I have written about my children’s babysitter before, a very wise and sensible girl of a local religious sect with Scandinavian origins. It’s similar to Amish but with electricity and automobiles, but not music, television or pop culture.

It has been fascinating to get to know her and learn about her world because as an “outsider” to their rather closed off community I have had a rare chance to see inside a world untouched by feminism and modern life up close.

One thing that struck me about Samantha was that unlike most 16-year-old girls these days, she was embracing the seasons of a woman’s life as traditionally lived.

Girlhood: Largely carefree and as part of a large family there are always others to play games with. Without television and other media distraction, these girls play house, tag, build forts, and explore the great outdoors. Children do not expect to be entertained by their parents, but to make their own fun. Children are still raised to be seen and not heard, and are expected to honor their mother and father. Education is central, as girls are expected to master a basic education, along with helping mom at home with housekeeping, cooking, and tending to other siblings. Even as a young child, these girls are learning skills to help prepare them to be good wives and mothers.

Young woman: As she enters the teen years, education continues to be a focus, as these girls aim to complete their education in preparation to marry. My babysitter, for example, participated in a program where she attended community college her last two years of high school, earning her high school diploma and two year degree the same week! She then transferred to a local commuter college and completed her BA in early childhood education by age 20. Dating is not allowed during the teen years. These girls socialize at family gatherings and church functions. As they approach 18, they begin formal courtship in search of a husband, all well supervised and approved by both families first. The goal of courtship is to find a spouse, not to date for fun. Most girls marry by 18 or 19. My babysitter married at 19 and continued her education that first year while preparing for her next life season.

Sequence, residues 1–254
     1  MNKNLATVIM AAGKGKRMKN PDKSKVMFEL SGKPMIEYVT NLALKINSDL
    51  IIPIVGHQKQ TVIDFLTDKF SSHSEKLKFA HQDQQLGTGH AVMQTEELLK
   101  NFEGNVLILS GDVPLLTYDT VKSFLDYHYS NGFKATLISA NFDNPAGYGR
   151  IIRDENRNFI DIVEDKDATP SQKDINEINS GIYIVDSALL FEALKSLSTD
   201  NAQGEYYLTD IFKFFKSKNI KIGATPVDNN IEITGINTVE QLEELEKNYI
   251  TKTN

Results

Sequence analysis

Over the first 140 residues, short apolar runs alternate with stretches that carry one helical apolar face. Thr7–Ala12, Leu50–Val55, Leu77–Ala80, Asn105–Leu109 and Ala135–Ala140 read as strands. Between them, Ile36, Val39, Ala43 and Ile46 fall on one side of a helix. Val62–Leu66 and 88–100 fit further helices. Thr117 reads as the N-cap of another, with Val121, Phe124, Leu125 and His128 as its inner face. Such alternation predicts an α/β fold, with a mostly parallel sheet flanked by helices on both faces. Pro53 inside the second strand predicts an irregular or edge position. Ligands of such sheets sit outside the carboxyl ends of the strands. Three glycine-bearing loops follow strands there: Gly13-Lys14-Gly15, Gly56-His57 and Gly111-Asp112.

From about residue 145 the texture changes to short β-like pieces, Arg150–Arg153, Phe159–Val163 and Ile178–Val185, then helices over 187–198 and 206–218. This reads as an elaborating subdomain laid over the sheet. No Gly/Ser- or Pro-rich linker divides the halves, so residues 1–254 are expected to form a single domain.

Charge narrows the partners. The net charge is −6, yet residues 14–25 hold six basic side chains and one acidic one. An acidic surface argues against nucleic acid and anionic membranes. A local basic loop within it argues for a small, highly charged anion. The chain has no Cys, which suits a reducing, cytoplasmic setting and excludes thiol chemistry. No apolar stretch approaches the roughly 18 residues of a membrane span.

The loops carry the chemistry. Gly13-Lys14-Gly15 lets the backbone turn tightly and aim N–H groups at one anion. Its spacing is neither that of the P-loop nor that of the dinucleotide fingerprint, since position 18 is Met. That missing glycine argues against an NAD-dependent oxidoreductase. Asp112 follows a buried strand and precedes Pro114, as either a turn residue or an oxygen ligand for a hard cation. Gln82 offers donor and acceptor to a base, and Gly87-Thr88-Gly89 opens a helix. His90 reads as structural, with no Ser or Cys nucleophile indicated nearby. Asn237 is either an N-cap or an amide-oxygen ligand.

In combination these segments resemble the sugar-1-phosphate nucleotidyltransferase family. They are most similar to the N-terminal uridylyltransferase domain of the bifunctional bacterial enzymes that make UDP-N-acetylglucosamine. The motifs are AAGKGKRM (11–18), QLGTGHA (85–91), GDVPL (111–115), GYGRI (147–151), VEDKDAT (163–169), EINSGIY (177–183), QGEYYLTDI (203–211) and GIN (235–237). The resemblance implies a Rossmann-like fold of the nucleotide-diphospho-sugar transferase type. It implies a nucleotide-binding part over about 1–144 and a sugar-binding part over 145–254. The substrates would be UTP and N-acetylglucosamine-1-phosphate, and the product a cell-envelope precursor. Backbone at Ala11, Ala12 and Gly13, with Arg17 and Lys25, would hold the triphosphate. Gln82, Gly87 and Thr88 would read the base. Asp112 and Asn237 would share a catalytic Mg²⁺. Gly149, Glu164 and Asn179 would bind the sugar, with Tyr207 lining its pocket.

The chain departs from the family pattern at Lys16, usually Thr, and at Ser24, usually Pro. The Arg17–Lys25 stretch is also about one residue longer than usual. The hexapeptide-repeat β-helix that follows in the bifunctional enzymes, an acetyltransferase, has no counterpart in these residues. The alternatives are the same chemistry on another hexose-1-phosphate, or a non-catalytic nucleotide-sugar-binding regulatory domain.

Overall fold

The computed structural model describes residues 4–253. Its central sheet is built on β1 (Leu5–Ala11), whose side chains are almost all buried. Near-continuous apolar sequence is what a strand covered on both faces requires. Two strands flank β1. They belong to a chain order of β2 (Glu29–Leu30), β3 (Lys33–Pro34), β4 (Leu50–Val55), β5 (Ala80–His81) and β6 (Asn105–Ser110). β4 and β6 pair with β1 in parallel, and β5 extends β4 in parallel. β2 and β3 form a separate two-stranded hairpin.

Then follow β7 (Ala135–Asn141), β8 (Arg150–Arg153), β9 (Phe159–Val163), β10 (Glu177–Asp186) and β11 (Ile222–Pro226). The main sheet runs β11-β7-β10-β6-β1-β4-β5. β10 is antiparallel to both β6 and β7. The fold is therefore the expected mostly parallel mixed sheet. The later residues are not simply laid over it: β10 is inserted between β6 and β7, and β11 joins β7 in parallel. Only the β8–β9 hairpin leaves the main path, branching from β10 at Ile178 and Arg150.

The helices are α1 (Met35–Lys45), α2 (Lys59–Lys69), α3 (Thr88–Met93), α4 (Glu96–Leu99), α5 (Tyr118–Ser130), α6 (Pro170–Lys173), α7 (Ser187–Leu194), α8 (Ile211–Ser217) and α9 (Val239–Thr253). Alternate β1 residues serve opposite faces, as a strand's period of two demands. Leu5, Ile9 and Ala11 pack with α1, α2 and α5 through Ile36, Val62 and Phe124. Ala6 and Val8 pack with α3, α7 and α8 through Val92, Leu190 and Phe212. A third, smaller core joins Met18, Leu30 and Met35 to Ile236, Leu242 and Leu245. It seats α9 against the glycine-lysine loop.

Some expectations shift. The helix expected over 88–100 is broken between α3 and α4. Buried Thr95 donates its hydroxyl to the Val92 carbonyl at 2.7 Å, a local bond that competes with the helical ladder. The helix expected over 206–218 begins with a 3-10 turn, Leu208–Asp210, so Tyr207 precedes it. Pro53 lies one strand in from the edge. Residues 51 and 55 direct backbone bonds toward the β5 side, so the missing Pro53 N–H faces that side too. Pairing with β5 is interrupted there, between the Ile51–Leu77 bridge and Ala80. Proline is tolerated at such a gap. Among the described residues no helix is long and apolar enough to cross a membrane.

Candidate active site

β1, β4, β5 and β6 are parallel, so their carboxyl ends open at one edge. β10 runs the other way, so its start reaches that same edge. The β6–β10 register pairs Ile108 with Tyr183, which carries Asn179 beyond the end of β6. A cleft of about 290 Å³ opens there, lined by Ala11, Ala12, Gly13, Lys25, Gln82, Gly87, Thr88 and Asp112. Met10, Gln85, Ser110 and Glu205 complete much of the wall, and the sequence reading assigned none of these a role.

Marriage and motherhood: Birth control is not practiced by this group, and in fact the goal is to have a first child before the first wedding anniversary. From there these women will have another child every year or two throughout her reproductive years. Children are seen as a blessing, not a burden. Families of ten or more are not uncommon. Once mothers, these women do not work outside the home but often supplement the family income by babysitting, refurbishing and reselling antiques and home decor items, or managing the administrative tasks for her husband’s or family’s business. Otherwise life is one big play date, with these moms getting together with their kiddos to socialize after her house chores are done. Home and hearth are top priority, her own ambitions are secondary to her primary jobs as wife and mom.

Late adulthood: By age 40 or so, the childbearing years are complete and as children grow up there is more time for personal ambitions and many of these women will start some sort of work from home enterprise during these years. Still her focus is her growing brood and preparing them for marriage and adulthood but life is fun and she enjoys the company of her young teen and young adult children, who unlike most teens and young adults, honor and adore their mother.

Golden years: After her children are grown, a woman might devote her time to volunteering or supporting a charitable cause or church endeavor. Many spend time mentoring young women or new moms. Grandchildren start arriving and her home is always full of family and company. She and her husband have lived carefully and have built a solid financial foundation for themselves free of debt so life is good and relatively worry free. Surrounded by her brood and the life she has built, she now enjoys the fruits of her life well lived and is honored and revered by her community.

It’s certainly very different than the life path of a typical girl and woman in our modern world, but having seen it up close I truly question if we wouldn’t be better off as individuals and as a society by taking some lessons from this path less travelled. Rather than the oppressive gloom and doom I expected to see thanks to my own rather feminist indoctrinated upbringing, I have seen great happiness and contentment in the women within this community. They have a happiness and sense of purpose often lacking in today’s modern woman. Imagine that!

What season of life are you on as a woman? How does it compare the the path above? What do you find appealing, or not, about this concept of a woman’s life seasons?

Let those who have ears hear.

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